The Court will consider whether the ACA’s Medicaid expansion is constitutional and whether states can be required to comply with it in order to remain eligible for federal Medicaid. The principal point of contention is whether the ACA requirements “commandeer” or “coerce” state functions in a way that exceeds federal authority. Twenty-five state plaintiffs, including Pennsylvania, argue that the Medicaid expansion unconstitutionally coerces the states by conditioning their receipt of federal Medicaid funds on their provision of coverage to an additional mandatory eligibility group, adults under age 65 with household incomes up to 133% FPL ($14,856 per year for an individual in 2012). Although the lower federal courts have consistently rejected this argument, the Supreme Court opted to review it. The federal government will argue that states operate Medicaid programs voluntarily, contributing their own funds in order to receive federal funding, and that Congress has broad power under the Constitution’s Taxing and Spending Clause to require state compliance as a condition of receiving federal funding. The Court’s decision about the constitutionality of the Medicaid expansion could have effects far beyond whether that particular provision of the ACA is implemented, because no court to date has invalidated federal Spending Clause legislation on the basis that it is unduly coercive of states. Any developments in this area of constitutional law could extend to the wide range of Spending Clause legislation, including civil rights statutes that prohibit discrimination on the basis of race, gender and disability and federal laws in a myriad of areas, such as education, transportation, and national security. See The Health Reform Law’s Medicaid Expansion: A Guide to the Supreme Court Arguments, Kaiser Family Foundation (March 2012) (a policy brief examining the legal and policy arguments related to the Medicaid expansion).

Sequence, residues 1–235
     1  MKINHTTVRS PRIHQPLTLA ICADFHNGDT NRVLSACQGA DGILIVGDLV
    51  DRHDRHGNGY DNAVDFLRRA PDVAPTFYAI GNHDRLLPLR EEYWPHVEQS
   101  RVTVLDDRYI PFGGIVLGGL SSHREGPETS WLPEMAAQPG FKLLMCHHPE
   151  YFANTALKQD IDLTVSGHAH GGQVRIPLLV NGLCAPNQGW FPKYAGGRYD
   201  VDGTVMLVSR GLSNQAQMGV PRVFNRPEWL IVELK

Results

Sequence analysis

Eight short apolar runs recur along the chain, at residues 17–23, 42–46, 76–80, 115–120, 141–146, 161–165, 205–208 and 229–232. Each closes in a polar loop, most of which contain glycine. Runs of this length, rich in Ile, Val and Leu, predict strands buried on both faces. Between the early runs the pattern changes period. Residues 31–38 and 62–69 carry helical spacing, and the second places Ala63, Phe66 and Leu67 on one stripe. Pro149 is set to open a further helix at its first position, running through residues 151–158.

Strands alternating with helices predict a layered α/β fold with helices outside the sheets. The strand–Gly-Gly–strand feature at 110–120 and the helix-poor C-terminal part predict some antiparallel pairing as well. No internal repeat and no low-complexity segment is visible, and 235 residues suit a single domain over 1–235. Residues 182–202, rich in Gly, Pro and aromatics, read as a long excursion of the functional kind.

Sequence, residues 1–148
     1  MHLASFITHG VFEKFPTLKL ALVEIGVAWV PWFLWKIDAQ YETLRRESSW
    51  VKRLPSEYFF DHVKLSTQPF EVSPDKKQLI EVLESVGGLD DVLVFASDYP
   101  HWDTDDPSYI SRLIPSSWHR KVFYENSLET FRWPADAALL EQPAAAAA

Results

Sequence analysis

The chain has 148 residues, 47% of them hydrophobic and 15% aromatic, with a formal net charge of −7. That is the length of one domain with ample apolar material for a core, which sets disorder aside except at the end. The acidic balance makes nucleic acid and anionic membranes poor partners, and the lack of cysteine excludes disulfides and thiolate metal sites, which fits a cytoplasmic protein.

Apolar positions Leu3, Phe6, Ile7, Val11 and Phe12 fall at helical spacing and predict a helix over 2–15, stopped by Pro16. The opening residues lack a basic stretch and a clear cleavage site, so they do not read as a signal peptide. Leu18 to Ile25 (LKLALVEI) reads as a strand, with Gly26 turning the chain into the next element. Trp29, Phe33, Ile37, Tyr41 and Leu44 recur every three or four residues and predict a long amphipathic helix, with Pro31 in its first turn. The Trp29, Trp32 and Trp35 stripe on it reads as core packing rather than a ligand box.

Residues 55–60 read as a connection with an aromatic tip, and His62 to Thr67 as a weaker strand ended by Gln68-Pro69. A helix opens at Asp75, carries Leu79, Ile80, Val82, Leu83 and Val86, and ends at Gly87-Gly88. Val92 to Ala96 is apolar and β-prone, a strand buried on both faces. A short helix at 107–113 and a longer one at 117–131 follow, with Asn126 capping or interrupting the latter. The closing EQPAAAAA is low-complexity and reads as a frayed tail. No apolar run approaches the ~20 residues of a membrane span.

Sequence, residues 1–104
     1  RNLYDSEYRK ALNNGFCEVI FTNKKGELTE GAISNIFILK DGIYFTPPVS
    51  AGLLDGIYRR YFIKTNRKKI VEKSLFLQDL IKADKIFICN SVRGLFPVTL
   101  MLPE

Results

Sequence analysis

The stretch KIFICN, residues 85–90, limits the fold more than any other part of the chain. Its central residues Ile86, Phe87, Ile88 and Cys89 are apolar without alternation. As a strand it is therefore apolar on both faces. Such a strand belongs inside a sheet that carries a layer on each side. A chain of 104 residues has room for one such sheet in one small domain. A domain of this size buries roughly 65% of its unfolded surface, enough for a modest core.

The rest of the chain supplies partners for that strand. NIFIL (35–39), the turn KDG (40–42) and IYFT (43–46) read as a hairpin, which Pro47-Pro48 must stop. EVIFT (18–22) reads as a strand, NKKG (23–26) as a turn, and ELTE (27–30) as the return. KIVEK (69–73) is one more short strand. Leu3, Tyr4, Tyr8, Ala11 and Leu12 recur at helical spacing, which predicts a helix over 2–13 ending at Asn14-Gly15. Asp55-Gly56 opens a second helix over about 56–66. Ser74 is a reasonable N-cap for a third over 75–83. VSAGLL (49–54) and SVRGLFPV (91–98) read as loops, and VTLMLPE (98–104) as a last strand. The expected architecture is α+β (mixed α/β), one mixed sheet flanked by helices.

There is no set timeframe within which the Court must act, but it is likely to issue a written opinion before the close of the current term in June, 2012. However it rules, the implications for health care in the United States will be profound. The Court could strike down the entire ACA, implicitly endorsing a more limited role for the federal government in the regulation of health care and other areas. On the other hand, the entire law could be upheld. Intermediate rulings, such as striking the mandate but upholding the Medicaid expansion, are of course also possible.
Dozens of amicus (“friend of the court”) briefs have been filed in the case. Two of note: Upholding the Minimum Coverage Provision (also called the individual mandate or individual responsibility provision), authored by the National Senior Citizen Law Center Upholding the Medicaid Expansion, authored by the National Health Law Program
For more briefs, including the main briefs filed by the federal government, the state attorneys general and private parties opposing the law, and many amicus briefs, check the ACA Litigation Blog.
For More Information:
Health Care Act Offers Roberts a Signature Case New York Times, March 11, 2012
Perspective: Supreme Court Review of the Health Care Reform Law New England Journal of Medicine, Feb. 29, 2012
A Guide to the Supreme Court’s Review of the 2010 Health Care Reform Law Kaiser Family Foundation, Feb. 1, 2012
Graphic: Legal Questions And Answers That Will Decide The Health Law’s Fate Kaiser Health News, Nov. 18, 2011